# explain largestDivisible code from the Learn You A Haskell for Great Good tutorial

``````largestDivisible :: (Integral a) => a
largestDivisible = head (filter p [100000,99999..])
where p x = x `mod` 3829 == 0
``````

If p x equals True,

does

``````head (filter p [100000,99999..])
``````

become

``````head (filter True)
``````

?

What list is being filtered for True?

While this code is being run, what are p and x's values?

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Your question is incomprehensible—I'm not sure what you're actually asking. –  Antal S-Z Jun 2 '10 at 18:59

`filter p [100000,99999..]` calculates the list including all numbers descending from 100000 for which p returns true. `head` then takes the first of that list, effectively giving you the largest number x below 100000, for which `p x` returns true, i.e. for which `x `mod` 3829` is 0.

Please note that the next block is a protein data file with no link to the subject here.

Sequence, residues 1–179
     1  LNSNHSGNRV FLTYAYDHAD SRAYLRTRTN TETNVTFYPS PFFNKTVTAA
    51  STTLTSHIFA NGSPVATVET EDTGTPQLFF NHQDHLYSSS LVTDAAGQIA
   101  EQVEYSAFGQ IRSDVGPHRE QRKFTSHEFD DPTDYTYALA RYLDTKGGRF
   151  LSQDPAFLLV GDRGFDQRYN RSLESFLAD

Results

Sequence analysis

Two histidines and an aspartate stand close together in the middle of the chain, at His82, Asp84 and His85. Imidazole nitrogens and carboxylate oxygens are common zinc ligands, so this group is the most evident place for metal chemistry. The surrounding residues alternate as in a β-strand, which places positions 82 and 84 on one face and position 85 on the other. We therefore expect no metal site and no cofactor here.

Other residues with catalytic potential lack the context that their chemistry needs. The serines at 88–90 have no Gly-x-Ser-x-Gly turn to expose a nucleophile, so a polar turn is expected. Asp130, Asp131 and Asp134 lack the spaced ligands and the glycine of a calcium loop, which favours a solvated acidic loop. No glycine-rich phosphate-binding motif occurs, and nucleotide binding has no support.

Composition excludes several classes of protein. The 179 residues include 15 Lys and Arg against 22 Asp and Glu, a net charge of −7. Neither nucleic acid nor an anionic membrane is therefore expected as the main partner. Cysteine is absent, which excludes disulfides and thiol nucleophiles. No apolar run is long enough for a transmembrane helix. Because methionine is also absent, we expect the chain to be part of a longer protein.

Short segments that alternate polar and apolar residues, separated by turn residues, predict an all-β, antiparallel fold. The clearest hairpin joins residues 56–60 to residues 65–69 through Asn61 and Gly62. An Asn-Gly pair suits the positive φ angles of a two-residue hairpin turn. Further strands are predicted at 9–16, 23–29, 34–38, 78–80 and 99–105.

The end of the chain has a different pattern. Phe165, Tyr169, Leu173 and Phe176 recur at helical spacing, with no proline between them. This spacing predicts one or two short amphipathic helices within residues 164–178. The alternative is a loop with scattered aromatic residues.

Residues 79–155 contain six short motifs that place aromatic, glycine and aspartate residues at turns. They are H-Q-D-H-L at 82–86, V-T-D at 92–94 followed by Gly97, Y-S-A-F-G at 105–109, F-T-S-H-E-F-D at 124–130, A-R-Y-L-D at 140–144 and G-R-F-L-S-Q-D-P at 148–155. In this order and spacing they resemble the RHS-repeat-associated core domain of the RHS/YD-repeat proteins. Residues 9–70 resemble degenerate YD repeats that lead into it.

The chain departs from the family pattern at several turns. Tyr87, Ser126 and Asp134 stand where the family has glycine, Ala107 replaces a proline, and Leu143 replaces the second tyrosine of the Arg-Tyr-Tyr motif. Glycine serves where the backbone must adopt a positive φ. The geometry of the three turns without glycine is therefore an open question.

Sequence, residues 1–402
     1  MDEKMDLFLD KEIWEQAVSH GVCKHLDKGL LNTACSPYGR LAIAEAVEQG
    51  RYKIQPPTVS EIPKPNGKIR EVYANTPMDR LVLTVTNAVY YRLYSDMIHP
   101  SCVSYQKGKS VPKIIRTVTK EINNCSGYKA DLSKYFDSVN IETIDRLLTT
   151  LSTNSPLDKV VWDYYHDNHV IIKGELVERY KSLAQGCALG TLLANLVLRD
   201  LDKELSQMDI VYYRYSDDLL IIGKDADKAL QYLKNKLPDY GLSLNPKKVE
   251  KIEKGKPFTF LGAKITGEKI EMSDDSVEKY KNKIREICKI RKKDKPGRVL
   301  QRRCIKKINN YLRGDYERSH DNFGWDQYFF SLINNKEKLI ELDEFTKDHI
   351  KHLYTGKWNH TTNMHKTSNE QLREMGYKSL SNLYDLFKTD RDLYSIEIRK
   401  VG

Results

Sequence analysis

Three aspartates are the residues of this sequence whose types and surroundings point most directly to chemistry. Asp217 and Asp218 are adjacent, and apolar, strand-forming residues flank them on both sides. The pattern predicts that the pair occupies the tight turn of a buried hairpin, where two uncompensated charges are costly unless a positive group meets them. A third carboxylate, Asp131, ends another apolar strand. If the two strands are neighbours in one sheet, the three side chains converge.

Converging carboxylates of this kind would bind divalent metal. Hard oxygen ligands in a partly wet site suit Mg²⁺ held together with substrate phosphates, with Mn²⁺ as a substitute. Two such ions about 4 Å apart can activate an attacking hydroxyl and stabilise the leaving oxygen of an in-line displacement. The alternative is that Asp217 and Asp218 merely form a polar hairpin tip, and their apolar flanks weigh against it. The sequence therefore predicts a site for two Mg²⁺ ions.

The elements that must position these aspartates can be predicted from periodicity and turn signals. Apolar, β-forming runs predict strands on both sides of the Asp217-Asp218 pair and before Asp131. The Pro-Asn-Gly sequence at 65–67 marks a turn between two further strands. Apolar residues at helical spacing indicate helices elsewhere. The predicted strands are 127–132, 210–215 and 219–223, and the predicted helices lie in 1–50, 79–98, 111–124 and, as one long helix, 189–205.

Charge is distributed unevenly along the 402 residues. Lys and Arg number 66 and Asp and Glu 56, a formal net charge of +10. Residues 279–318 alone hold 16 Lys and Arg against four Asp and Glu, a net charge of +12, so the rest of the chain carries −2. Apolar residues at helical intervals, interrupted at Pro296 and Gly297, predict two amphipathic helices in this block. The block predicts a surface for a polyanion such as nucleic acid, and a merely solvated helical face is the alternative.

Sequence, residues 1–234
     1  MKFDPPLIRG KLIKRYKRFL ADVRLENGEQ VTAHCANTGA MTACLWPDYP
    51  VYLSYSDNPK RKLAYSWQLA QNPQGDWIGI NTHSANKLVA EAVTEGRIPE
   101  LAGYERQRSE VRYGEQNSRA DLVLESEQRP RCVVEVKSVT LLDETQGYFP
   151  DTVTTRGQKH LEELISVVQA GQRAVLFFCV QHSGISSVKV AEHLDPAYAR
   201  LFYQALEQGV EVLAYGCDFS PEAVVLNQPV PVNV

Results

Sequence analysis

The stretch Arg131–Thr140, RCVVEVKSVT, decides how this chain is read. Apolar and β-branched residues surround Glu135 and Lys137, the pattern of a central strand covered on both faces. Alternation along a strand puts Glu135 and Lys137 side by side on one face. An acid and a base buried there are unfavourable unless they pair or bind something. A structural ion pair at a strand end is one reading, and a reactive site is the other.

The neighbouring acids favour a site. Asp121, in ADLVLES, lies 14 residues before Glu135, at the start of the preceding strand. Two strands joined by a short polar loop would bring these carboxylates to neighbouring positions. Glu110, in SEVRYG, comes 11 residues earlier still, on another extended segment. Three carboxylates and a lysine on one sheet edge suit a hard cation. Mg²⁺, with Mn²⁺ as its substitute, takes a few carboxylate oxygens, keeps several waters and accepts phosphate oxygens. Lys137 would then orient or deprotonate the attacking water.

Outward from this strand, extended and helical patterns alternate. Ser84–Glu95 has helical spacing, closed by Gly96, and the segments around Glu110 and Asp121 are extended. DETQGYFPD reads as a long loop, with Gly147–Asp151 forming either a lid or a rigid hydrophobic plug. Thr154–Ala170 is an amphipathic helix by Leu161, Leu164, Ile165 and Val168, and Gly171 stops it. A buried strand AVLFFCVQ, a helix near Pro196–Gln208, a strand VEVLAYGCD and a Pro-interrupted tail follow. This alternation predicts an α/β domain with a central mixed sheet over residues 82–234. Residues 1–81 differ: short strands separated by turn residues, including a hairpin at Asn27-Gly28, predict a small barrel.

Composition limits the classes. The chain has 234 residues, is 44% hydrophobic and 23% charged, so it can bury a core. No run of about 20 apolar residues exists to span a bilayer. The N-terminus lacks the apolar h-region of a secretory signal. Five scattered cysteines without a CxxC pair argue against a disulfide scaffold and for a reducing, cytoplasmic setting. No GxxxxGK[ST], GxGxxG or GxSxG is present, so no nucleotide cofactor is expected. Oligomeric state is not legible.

What values are in p and x?

p is a function that takes one argument called `x` and returns true iff `x `mod` 3829 == 0`. `x` is the argument given to the function. Since you use p as an argument to filter, this means that each element of the list `[100000,99999..]` will be given to p in turn, until p returns true for the first time (it won't try any more elements because by using head, you're only requesting one element, so it only calculates one).

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When does p return true? –  Delirium tremens Jun 2 '10 at 19:14
@Deliriumtremens: `p x` returns true if (and only if) `x `mod` 3829 == 0`, i.e. if x is divisible by 3829 without remainder. –  sepp2k Jun 2 '10 at 19:28

`p` is a function defined by `p x = x `mod` 3829 == 0`.

`x` is a variable in the `p` function. `filter` calls `p` with elements from the list `[100000,99999..]`, so `x` will be one of the members of that list.

`filter p [100000,99999..]` is the same as `(filter p) [100000,99999..]`, not `filter (p [100000,99999..])`. So `p` is not called with `[100000,99999..]` as an argument (and it would be a type error anyway).

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